5 Reasons To Visit The Fort Worth Stock Yards
A visit to Fort Worth is not complete without spending some time at the Fort Worth Stock Yards, an area just north of downtown Fort Worth. The historic district covers 98 acres and is home to many recreational activities with shops and restaurants. Here are 6 reasons to make the Stock Yards a priority when visiting Fort Worth Texas, where they say the west begins
If you are mood for some steak or Barbecue you can find a some good restaurants in the Fort Worth Stockyards. Riscky’s BBQ is over 90 years years old and they also have a steakhouse location on Exchange Avenue. Other Restaurants like H3 Ranch on the same street, Lonesome Dove on North Main street and Cattlemen’s Steak House are located short distances apart. Here’s a list of other restaurants in the area.
- Cooper’s Old Time Pit Bar-B-Que
- Horseshoe Hill Café
- The Biscuit Bar
- Trailboss Burgers
- Nestle Toll House Cafe
- Honky Tonk Kitchen
If you would love to know more about the history of the Fort Worth Stockyards and the north side of Fort Worth, The Stockyards Museum has some nice artifacts. Admission is only $2.00 per person and if you have kids 12 years and under, they get in free. It is located in the Livestock Exchange building. Another Museum, Texas Cowboy Hall of Fame, is located on North Main Street. Admission is $5. Kids 4 and under get in free.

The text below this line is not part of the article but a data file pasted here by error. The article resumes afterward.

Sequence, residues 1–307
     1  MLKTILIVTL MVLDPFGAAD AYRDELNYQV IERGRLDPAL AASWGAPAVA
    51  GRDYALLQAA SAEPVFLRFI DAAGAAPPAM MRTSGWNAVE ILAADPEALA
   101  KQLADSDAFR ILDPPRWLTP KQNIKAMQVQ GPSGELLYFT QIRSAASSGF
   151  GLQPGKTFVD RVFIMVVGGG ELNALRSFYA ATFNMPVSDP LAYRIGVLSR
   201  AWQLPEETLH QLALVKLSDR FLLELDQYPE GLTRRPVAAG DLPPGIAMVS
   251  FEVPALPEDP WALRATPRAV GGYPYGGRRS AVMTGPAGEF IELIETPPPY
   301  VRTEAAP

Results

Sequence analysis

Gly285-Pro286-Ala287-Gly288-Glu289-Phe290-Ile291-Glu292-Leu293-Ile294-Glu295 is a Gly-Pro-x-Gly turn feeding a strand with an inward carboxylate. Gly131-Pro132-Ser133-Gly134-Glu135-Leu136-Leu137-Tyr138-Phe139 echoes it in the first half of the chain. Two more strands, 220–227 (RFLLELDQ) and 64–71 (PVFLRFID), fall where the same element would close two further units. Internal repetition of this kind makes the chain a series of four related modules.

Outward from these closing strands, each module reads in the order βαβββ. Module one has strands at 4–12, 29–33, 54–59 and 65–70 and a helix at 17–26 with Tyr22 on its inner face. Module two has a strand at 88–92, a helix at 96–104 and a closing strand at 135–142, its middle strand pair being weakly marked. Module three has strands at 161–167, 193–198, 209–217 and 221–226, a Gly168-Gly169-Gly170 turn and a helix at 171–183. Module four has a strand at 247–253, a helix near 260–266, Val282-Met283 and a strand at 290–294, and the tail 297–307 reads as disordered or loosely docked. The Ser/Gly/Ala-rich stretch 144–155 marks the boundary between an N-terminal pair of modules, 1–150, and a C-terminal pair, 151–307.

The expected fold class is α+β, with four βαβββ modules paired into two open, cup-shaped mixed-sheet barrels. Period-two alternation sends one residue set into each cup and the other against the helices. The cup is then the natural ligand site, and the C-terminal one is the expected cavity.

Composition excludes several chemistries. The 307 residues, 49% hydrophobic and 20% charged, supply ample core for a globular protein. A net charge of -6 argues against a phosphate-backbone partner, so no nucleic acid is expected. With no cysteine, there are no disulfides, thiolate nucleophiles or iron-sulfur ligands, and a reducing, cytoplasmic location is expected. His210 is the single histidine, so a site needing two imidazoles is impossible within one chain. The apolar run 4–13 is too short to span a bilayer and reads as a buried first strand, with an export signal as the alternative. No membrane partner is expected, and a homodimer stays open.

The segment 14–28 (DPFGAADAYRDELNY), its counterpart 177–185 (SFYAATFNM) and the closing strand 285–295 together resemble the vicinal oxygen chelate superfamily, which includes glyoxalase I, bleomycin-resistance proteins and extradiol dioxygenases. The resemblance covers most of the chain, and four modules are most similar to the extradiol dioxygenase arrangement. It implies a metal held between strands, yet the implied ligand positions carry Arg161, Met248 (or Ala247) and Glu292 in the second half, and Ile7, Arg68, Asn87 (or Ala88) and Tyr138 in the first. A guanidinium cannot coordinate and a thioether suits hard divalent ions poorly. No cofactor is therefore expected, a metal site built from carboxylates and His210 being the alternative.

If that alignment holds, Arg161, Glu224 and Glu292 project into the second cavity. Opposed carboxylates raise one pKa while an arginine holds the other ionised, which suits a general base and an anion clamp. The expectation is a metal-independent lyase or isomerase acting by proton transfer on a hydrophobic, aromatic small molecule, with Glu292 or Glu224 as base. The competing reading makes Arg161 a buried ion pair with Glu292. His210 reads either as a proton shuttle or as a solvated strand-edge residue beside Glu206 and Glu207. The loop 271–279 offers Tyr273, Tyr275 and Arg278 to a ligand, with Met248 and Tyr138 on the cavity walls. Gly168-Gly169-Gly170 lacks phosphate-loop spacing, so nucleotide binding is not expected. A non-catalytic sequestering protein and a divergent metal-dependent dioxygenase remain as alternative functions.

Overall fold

The historic Cowtown Coliseum is home to The Stockyards Championship Rodeo. The building was built in 1908. Today rodeo competitions occur every Friday and Saturday at 8pm. Cowtown Coliseum is located on Exchange Avenue.
Stockyards Station is home to more than 20 shops. Clothing shops like Stockyard Sports, Sassy Pantz for women’s clothing and Texas Gold Minors for children. You also have a tea store, souvenir store and a gift store called Texas Hot Stuff.
Twice everyday, except for days with bad weather, at 11:30 AM & 4:00 PM, Drovers drive cattle down East Exchange Avenue for a great photo opportunity for the visitors. Easter Sunday, Thanksgiving Day and Christmas Day are the only days when the drives are not held.
In 1876 the area became very active with the arrival of railroads and eventually a livestock area developed. By 1886, four stockyards had been built next to the railroads and a million cattle was being sold here by 1907. The Stock Yards exchanged hands many times but over time auctions began to be held closer to the homes of the livestock. The area was listed as a historic district in 1976.